The enigmatic wife of controversial Toronto Mayor Rob Ford doesn’t think members of the media are "maggots," as her husband claimed (and apologized for) weeks ago.
In fact, Renata Ford told the Toronto Sun, in a rare and seemingly impromptu interview over the weekend, she feels no animosity toward the reporters who follow her husband’s every move and often lurk in front of her home.
"I kind of feel sorry for them," she told the Sun’s Joe Warmington. "I look out the window sometimes at 6:30 a.m. and I see them. Sometimes it’s raining."
Mrs. Ford told the newspaper she bears no ill will toward reporters, saying: "They have a job to do and I know that."
And in perhaps the most fascinating moment in the story, Mrs. Ford shed light on how her eight-year-old daughter and five-year-old son are dealing with the media circus in recent weeks.
"They are used to the reporters," she said. "They just think they are all there because they really love their father."
For those still unaware, Mayor Ford is alleged to have been caught on a cellphone video smoking what appears to be crack cocaine but has denied the claims.
Very little is known about Renata Ford, who has stayed out of the public eye since her husband became mayor of Canada’s largest city in 2010.
A Toronto Life story from 2011 described her as an "invisible wife" and the first mayoral spouse about whom virtually nothing is known, including age, background and occupation.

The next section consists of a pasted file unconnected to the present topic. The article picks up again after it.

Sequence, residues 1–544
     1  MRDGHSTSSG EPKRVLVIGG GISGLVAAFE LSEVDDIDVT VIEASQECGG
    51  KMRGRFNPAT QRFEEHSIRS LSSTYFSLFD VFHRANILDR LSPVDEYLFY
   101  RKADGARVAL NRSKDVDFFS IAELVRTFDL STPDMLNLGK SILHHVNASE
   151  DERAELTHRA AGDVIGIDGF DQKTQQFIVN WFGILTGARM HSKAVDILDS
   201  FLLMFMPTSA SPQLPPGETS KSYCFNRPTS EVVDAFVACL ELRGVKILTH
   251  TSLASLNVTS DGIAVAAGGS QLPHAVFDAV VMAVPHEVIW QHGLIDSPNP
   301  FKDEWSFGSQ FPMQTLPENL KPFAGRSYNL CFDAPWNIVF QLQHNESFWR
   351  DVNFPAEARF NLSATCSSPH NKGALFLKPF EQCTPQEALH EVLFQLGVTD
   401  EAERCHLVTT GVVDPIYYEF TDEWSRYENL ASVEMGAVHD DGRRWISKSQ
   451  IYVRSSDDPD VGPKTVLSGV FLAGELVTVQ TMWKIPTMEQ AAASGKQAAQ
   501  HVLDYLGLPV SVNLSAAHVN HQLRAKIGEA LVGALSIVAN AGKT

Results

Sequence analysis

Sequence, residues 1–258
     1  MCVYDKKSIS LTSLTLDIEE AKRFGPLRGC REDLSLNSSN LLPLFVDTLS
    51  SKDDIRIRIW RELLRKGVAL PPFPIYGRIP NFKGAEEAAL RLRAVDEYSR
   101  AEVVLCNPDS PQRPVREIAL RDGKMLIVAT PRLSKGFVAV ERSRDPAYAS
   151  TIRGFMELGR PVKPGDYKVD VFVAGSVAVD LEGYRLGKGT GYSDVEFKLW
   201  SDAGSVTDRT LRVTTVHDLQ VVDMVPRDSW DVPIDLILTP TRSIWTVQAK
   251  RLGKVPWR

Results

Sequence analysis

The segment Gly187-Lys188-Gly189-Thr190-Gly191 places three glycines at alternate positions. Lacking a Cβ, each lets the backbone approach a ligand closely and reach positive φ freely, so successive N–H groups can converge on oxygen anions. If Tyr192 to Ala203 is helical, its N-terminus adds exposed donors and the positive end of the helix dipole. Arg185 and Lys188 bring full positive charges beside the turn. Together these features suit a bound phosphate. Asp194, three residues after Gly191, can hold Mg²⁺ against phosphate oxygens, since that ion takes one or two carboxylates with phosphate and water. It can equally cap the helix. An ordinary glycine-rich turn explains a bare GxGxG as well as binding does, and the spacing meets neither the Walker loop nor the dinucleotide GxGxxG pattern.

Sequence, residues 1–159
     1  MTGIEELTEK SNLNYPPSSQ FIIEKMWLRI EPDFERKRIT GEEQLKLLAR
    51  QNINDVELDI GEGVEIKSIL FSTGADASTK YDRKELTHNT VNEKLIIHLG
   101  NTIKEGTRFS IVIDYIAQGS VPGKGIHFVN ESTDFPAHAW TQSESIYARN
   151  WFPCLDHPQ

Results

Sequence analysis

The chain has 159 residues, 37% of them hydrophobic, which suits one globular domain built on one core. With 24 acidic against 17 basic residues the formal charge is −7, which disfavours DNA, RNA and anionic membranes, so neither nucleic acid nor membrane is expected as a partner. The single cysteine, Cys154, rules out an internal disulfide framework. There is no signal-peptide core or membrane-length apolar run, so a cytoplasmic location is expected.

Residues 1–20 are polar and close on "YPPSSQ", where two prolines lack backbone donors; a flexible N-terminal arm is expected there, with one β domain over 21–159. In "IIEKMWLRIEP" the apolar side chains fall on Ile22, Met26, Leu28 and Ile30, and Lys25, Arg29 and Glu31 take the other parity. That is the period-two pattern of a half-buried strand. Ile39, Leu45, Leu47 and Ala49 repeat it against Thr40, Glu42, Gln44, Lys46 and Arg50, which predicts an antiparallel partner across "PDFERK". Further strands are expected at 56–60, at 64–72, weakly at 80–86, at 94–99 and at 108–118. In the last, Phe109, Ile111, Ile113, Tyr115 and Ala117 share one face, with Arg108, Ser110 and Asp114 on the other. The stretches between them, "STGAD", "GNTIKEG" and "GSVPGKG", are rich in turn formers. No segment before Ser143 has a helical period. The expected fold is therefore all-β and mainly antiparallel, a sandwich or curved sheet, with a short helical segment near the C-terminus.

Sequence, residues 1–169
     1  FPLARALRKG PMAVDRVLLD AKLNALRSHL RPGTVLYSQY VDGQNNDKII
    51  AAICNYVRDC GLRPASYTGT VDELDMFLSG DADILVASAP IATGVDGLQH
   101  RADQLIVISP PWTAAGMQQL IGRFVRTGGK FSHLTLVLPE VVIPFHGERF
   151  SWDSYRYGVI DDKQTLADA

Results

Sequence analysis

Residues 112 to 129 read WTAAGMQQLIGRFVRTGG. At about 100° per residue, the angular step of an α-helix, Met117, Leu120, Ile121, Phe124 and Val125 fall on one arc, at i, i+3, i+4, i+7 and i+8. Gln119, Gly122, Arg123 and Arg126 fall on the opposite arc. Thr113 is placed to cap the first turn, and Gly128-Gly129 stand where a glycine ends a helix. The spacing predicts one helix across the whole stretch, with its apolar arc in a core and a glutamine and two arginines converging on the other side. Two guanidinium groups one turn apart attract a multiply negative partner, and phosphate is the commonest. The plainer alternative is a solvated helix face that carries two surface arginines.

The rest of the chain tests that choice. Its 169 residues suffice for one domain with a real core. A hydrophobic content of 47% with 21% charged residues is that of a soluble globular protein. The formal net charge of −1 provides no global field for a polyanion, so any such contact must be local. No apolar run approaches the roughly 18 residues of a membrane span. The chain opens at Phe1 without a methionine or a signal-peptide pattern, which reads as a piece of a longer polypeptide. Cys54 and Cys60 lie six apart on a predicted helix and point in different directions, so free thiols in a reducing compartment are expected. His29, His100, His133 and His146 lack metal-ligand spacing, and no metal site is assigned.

In 2008, Rob was charged with assault after an incident with his wife in their Etobicoke home, but the charges were later dropped.
Police were again called to the Ford home on early Christmas morning in 2011. According to the Toronto Star, Ford’s mother-in-law called the police before 5 a.m. to report the mayor had been drinking and was taking his kids to Florida against the wishes of his wife. There were no charges laid and Renata Ford’s father later told the newspaper the call was a mistake.
In a rare discussion about his family life with Maclean’s magazine in 2010, Ford said his wife "supports him 100 per cent," even when things get ugly.
"She says, ‘Ignore all that stuff.’ I feel bad because sometimes, you know, it’s embarrassing for the kids and for her. People read stuff about us. But it doesn’t bother her. She knows deep down we’re good people," he said. "I’ve never yet met a family that doesn’t have their problems. I never yet met a perfect family. Everyone’s got a problem with their brother, their sister, their mother, their father, their aunt, their uncle. You can ask anybody in this world and they could tell you a problem in their family. It’s just mine are more exposed than others, right? I live in the fishbowl."